How To Start A Wine Collection

The below was produced for Lightfoot Travel in March 2017.

If your holiday souvenir tends to be a bottle of wine, maybe it’s time you start to collect? We asked James Hindle of leading Singapore retailer Pop Up Wine for his top tips on starting a wine collection.

Buy What You Love

Remember not everything you buy will gather dust. You’re sure to want to pop open a bottle or two on a special occasion. So only buy what you would be happy to drink. There’s no point having a case taking up valuable space if it’s doesn’t do anything for your tastebuds.

Start Small

You don’t need to have won the lottery to start collecting wine. You should be able to purchase an excellent bottle of wine that you can lay down for SGD$100 (for example, the superb Shiraz-Viognier from Clonakilla costs around $99).

Start your collection with a case of higher tannin red wines such as Cabernet Sauvignon, Syrah (Shiraz) or Nebbiolo.  Tannins are minute particles of a grape’s skin, seeds or of the barrel in which the wine has been aged.  They are the element in wine which can cause a glass of wine to taste dry.  Tannins are vitally important when aging wine, as they are a natural preservative, and – as they fade over many years – the primary fruit flavours in the wine should develop into something more complex.

Know What To Lay Down

Not every wine can be laid down. In fact, leading US wine expert, Kevin Zraly said that: “Ninety percent of all the wines are meant to be consumed within one year, and less than one percent of the world’s wines are meant to be aged for more than five years.”  Before aging a wine for 10, 15 or 25 years, consider whether the grape has aging potential, and whether the winemaking techniques employed lend themselves to aging.  Winemaker’s websites, and critic reviews, often include a suggested consumption window – these are a great place to start.

Do Your Research

Time spent on preparation is seldom wasted.  Before making a large purchase, research the winemaker, the wine region and the vintage carefully.  The more certain you are of each purchase, the better your collection will be.  The website www.wine-searcher.com is a superb resource for tasting notes, critic ratings and current prices.

old-wine-cellar

Keep Your Collection Cool

Wine will develop prematurely if it is stored in an environment that has large temperature variations, particularly if these occur frequently.  Most experts recommend long-term storage at between 10 and 15 °C.

Moderate humidity is also important.  If wine is stored in conditions that are too dry, corks may shrink and cause leakage. Too moist, and mould and contamination may occur.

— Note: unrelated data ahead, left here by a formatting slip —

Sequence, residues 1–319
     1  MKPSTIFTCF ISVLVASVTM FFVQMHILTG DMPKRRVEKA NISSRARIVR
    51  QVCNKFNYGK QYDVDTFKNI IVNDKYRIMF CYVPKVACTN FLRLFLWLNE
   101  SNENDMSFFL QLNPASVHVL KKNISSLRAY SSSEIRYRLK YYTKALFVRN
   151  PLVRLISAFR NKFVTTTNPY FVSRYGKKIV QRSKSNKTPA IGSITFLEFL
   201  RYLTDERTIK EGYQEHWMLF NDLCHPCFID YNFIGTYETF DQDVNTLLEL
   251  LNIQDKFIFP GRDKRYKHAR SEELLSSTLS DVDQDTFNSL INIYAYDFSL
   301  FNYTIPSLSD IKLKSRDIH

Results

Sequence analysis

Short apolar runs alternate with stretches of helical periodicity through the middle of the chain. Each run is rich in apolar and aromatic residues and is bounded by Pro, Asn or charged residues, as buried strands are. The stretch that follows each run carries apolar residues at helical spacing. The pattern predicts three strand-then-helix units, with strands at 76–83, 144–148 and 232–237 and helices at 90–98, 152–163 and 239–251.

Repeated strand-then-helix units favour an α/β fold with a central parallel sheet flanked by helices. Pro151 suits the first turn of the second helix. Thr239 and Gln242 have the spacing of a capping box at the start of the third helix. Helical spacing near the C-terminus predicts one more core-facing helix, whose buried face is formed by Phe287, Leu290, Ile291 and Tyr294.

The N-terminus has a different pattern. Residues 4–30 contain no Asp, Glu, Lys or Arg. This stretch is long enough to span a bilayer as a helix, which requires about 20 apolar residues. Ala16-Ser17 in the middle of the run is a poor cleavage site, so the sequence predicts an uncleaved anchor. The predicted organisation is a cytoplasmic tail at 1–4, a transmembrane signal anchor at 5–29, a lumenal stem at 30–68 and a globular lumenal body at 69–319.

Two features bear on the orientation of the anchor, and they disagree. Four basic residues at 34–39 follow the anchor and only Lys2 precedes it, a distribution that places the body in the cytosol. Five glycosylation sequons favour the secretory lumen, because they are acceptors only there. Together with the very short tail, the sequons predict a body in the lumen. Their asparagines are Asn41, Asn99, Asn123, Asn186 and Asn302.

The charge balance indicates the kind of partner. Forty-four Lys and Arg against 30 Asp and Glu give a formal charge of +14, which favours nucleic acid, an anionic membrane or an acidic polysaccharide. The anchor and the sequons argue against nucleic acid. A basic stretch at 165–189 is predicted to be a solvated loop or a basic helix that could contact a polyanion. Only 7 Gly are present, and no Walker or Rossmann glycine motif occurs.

Temperature controlled wine cellars or dedicated wine fridges are essential investments if you are considering collecting in an exotic, tropical location, such as Singapore.

Don’t Touch

It is always tempting to show friends favourite bottles that have been aging for a long period, but please try to keep particularly handsy-folks away from your bottles.  Wine ages best when it is stored flat, and kept still.

Do Your Paperwork

Make sure that you write an inventory for insurance in case of power failure or other unpleasantness. And hold on to all documentation. With wine fraud a growing problem, being able to prove provenance is becoming increasingly important also.  Try to keep your original sales receipt, a copy of the auction description, the business card of the person who sold the wine to you and any branded box or packaging that the wine may have come in.  The latter may increase the value of the wine when you come to sell it.  Additionally, write a detailed description of the bottle including any marks that make the particular bottle unique, and make a note of the conditions the wine was kept in prior to purchase, and during shipping (if applicable).

Buy On Your Travels

If you’re on holiday at a great vineyard, there’s nothing wrong with bringing home a bottle or two. Again, just do your research. Be aware that a strong vintage in Bordeaux, might be a poor one in Australia or even Burgundy.  Jancis Robinson’s website includes an excellent breakdown of each vintage, by country.

If you plan to ship it home you need to be aware that this can be tricky as you’re faced with fluctuating temperatures and around one to two percent in breakages. There are more expensive refrigerated shipping containers called “reefers”, although even these are vulnerable at the loading and unloading stages.

If you want to bring home just a case or less you could invest in a Vingarde Valise, which is a mini suitcase on wheels that is designed to hold 12 of your favourite vintages.

J., March 2017

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